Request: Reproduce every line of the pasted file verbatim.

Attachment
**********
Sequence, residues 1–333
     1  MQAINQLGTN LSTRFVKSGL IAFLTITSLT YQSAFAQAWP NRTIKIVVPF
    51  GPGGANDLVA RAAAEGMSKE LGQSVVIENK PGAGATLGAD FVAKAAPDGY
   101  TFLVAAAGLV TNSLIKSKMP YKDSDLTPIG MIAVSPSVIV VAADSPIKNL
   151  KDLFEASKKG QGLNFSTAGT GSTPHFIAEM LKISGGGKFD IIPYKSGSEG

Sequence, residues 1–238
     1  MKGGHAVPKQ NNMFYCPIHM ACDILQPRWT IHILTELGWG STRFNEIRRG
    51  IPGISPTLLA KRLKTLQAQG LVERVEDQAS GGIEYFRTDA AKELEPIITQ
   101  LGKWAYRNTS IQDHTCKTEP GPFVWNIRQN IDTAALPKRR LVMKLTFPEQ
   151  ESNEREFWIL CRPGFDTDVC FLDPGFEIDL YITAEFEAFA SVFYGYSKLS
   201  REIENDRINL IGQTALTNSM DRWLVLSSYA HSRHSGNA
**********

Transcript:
Sequence, residues 1–333
     1  MQAINQLGTN LSTRFVKSGL IAFLTITSLT YQSAFAQAWP NRTIKIVVPF
    51  GPGGANDLVA RAAAEGMSKE LGQSVVIENK PGAGATLGAD FVAKAAPDGY
   101  TFLVAAAGLV TNSLIKSKMP YKDSDLTPIG MIAVSPSVIV VAADSPIKNL
   151  KDLFEASKKG QGLNFSTAGT GSTPHFIAEM LKISGGGKFD IIPYKSGSEG

Sequence, residues 1–238
     1  MKGGHAVPKQ NNMFYCPIHM ACDILQPRWT IHILTELGWG STRFNEIRRG
    51  IPGISPTLLA KRLKTLQAQG LVERVEDQAS GGIEYFRTDA AKELEPIITQ
   101  LGKWAYRNTS IQDHTCKTEP GPFVWNIRQN IDTAALPKRR LVMKLTFPEQ
   151  ESNEREFWIL CRPGFDTDVC FLDPGFEIDL YITAEFEAFA SVFYGYSKLS
   201  REIENDRINL IGQTALTNSM DRWLVLSSYA HSRHSGNA